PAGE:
Woman First, Soldier Second: Taboos and Stigmas Facing Military Women in UN Peace Operations

Demographics, taboos and stigmas facing military women at the individual and community levels. Click for full graphic.

Deployment, taboos and stigmas facing military women within national defense structures. Click for full graphic.

Despite efforts to increase the participation of women uniformed peacekeepers, military women continue to face taboos and stigmas that are barriers to their inclusion and successful deployment. These range from gender stereotypes that cause military women to face more scrutiny than their male counterparts to difficulties speaking up about discriminatory and sexualized behavior, including racism, sexual harassment, and assault. Being confronted with persistent taboos and stigmas can have far-reaching consequences for military women before, during, and after deployment.

This paper, which is based on interviews with 142 military women from fifty-three countries, assesses the taboos and stigmas facing military women at three levels: (1) at the individual and community levels; (2) within their national defense structures; and (3) during deployment to UN peace operations. It also looks at the strategies women use to mitigate these taboos and stigmas and the formal and informal support structures they turn to.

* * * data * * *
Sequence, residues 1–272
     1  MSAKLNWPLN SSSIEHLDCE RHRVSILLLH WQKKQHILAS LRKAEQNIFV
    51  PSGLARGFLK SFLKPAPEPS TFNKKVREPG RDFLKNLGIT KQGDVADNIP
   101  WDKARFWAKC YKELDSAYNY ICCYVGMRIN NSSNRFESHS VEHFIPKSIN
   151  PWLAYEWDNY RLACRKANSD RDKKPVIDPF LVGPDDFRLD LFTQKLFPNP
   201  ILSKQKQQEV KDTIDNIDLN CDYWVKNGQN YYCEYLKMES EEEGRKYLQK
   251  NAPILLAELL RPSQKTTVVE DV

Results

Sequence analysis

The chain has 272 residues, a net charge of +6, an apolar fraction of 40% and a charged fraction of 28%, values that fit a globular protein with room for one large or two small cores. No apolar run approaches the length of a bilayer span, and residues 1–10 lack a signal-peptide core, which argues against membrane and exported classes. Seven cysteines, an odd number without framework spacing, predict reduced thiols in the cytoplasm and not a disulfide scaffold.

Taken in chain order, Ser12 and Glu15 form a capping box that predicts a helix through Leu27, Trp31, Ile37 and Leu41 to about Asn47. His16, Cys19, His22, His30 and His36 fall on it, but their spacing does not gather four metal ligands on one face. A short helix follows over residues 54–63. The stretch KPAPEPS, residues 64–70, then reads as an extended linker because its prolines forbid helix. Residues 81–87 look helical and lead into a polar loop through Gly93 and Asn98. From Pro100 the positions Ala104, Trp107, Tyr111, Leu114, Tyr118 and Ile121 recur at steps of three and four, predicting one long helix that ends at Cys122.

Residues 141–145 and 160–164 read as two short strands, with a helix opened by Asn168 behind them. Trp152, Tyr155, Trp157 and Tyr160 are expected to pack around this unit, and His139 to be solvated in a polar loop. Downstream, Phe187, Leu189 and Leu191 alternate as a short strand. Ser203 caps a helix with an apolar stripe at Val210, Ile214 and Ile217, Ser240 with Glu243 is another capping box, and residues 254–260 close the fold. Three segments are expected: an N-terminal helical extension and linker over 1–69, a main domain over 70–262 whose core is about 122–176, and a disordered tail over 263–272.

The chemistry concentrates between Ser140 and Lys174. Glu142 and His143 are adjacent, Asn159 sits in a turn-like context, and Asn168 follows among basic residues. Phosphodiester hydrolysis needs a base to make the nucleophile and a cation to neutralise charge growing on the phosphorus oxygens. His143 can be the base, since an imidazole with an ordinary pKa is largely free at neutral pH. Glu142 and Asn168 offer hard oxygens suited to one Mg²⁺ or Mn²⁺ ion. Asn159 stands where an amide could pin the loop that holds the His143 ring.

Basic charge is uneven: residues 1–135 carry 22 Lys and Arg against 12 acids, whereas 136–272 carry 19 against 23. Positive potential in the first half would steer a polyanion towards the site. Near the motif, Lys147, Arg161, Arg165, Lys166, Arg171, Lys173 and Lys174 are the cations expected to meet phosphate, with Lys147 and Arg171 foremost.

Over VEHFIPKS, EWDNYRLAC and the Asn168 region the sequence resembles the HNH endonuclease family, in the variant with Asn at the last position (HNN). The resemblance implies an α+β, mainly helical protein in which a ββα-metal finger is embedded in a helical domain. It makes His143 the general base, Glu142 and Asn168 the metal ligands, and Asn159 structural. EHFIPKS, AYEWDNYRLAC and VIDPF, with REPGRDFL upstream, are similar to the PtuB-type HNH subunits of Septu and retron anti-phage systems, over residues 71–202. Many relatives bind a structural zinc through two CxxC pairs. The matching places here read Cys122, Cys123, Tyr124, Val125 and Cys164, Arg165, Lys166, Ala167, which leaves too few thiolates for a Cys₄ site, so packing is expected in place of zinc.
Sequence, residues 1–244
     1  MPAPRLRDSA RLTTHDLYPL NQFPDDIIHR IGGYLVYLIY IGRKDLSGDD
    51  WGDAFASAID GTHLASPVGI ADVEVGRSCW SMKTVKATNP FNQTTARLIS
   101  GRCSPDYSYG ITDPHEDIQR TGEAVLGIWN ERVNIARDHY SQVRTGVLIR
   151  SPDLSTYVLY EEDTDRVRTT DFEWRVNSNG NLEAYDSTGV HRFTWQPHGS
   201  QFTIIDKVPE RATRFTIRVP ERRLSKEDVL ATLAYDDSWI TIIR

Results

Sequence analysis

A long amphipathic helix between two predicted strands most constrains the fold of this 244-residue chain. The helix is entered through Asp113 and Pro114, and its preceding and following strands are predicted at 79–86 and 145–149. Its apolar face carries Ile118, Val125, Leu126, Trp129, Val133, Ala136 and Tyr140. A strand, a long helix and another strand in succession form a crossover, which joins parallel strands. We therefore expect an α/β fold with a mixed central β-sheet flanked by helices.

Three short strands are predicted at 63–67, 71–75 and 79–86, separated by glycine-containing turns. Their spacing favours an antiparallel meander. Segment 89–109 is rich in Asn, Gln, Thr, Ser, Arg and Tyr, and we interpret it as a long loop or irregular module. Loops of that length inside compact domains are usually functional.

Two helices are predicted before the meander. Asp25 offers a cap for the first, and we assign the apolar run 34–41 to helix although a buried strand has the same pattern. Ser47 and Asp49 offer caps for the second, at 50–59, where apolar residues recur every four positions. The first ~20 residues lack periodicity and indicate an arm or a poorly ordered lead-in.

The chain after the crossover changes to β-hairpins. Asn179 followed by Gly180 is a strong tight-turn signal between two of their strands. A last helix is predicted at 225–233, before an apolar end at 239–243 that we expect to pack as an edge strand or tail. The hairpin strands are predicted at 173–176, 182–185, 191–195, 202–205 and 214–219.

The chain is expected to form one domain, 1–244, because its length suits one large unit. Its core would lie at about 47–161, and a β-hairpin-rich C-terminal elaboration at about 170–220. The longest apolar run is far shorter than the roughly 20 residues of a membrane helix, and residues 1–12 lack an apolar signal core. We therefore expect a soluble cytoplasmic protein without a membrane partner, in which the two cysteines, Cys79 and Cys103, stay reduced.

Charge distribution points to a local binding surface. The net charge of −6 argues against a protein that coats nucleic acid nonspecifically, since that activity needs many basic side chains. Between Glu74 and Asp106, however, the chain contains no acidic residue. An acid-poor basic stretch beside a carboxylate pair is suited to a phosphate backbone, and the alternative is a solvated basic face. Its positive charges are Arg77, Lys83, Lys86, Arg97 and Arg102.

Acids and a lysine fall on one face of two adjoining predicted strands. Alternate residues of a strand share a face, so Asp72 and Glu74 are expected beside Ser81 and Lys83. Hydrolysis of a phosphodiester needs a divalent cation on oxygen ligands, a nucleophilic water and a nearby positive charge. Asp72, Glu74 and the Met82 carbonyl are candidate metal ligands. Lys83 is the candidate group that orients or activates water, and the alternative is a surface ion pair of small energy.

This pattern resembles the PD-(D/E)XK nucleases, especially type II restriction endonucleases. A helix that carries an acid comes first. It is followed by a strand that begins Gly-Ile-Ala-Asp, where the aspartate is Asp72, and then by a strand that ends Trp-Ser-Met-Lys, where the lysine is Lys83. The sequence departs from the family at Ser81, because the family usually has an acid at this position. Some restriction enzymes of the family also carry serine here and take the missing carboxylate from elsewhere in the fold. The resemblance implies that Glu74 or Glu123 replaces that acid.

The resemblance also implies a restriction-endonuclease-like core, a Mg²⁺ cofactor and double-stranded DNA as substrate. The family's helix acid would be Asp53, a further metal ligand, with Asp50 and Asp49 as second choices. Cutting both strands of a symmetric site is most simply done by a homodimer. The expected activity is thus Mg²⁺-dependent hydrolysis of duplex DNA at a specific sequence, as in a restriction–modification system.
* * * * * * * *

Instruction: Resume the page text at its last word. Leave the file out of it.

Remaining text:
The paper concludes with recommendations for national defense structures and the UN:

  • For national defense structures, it recommends improving standards of behavior and accountability, educating men and women on taboos and stigmas, recruiting and retaining more women, proactively reaching out to and selecting women for deployment to peace operations, providing women the support they need, and designing equipment that better suits women’s needs.
  • For the UN Department of Peace Operations, it recommends strengthening narratives on the importance of female peacekeepers, ensuring that all peacekeepers respect UN values, developing mission-specific gender strategies and plans, engaging more firmly with troop-contributing countries, making recruitment and selection processes more gender-sensitive, holding personnel accountable for discriminatory and sexualized behavior, and establishing in-mission support systems.